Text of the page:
Teresa Budworth:Help make the pain go away

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If you’ve ever suffered from back pain, and 4 out of 5 of us will at some time in our lives, you’ll know how debilitating it can be.

Personally, I swear by physiotherapists. This comes from my own personal experience of back pain. Physio has certainly given me relief and helped resolve pain for several other people I know. What appears to be important with physiotherapy is that treatment is given early. Health and Safety Executive (HSE) research suggests that physiotherapy within the first six weeks of a problem can prevent long-term sickness absence.

Of course what works best is when an employer has an arrangement with an occupational health service, to which they can refer people early for treatment, physiotherapy or other specialist help.

It’s in employers’ interests to do so. According to the HSE, musculoskeletal disorders, which include back pain cost UK employers between £590 million and £624 million each year. Around 5 million working days are lost as a result of back pain annually, meaning that on any one day 1% of the working population are absent because of a back problem.

Something that concerns me is when employers believe occupational health support at work should only be made available for issues caused by work. With back pain, this can mean people missing out on early treatment. The back pain may not have been caused by work, but it will certainly affect people’s work.

A business colleague that I meet fairly regularly suffered a back injury on a weekend during sporting activities and was absent for more than two weeks in agony. He hadn’t realised he could use the occupational health service provided by his employer because his injury wasn’t caused by his work. Three sessions of physio and he was pain-free.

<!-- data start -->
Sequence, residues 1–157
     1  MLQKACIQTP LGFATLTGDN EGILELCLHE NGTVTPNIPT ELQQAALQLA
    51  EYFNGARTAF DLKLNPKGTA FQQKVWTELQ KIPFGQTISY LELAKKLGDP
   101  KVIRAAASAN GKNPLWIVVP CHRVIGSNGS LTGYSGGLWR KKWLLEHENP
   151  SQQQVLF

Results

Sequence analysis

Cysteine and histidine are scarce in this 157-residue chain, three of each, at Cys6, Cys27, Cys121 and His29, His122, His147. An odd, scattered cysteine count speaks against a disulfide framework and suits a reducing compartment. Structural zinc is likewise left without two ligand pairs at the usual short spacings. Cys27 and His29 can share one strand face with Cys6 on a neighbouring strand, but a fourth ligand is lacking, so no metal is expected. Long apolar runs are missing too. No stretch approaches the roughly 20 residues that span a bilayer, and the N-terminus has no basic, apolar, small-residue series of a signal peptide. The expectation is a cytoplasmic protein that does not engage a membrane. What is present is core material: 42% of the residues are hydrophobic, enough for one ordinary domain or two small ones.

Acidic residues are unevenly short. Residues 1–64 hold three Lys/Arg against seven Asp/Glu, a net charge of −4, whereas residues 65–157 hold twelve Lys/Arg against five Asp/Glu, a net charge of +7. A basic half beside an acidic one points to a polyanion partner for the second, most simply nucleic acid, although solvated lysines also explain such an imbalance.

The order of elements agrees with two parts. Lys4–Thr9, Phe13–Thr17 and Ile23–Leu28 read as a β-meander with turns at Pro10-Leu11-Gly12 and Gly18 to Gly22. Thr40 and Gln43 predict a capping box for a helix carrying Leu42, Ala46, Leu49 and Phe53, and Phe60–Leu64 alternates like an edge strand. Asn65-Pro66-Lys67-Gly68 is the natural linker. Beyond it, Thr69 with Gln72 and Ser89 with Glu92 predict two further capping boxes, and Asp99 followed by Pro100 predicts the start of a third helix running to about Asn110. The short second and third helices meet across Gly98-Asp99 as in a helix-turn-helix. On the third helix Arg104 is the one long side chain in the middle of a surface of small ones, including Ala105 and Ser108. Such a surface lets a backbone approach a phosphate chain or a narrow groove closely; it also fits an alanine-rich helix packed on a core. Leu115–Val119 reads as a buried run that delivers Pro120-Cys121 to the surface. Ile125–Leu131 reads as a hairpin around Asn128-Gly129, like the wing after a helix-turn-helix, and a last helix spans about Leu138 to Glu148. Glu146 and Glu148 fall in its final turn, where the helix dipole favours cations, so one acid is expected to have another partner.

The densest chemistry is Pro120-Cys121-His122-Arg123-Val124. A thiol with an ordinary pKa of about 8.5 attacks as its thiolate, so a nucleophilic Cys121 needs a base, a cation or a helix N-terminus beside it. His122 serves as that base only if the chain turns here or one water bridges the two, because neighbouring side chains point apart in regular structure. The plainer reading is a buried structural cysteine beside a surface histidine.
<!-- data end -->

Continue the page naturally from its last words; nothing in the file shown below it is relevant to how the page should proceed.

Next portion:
Let’s look at the simple economics of this issue. Our occupational health service charges us per referral. Six sessions of physiotherapy costs us £420. The cost of a temporary administrator through our usual agency is £570 per week. An early referral through our occupational health service really can save money.

Employers should also understand that physical activity can help resolve back issues. This means doing what they can to ensure work continues for some, or that adjustments are made to working procedures so that excessive activity or lack of activity does not make matters worse.

While I’m a big fan of physiotherapy, I accept it is not always the answer. One of our own members of staff recently suffered from ongoing back-problems. We did all we could at NEBOSH to support him, but the pain and difficulties he experienced simply wouldn’t go away. He literally had the appearance of a broken man.

Fortunately he was referred to a consultant, who discovered he had a problem with a spinal disc that could only be resolved through surgery. He’s a different person now, back to full health and effectiveness at work and looking 10 years younger!

About Teresa Budworth

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About Teresa Budworth

Teresa Budworth, Chief Executive of the National Examination Board in Occupational Safety and Health

During a 30 year career in health and safety, she has specialised in safety consultancy; working with a number of Boards of Directors on implementing safety governance within large and diverse organisations. Her work on competence, education and training culminated in her appointment as Chief Executive of NEBOSH; the National Examination Board in Occupational Safety and Health, in 2006.

Prior to joining NEBOSH, Teresa combined management of Norwich Union Risk Service’s (now Aviva) Consultancy operation with her post as a non-executive Director and Trustee of NEBOSH and was Senior Examiner for Diploma Part One from its inception in 1997. She is a Visiting Senior Teaching Fellow and member of the Examination Board for post graduate courses in Occupational Health at the University of Warwick’s Medical School. She is a member of RoSPA’s National Occupational Safety and Health Committee and also serves on the judging panel for RoSPA’s annual occupational safety and health awards. She is a member of IOSH Council.

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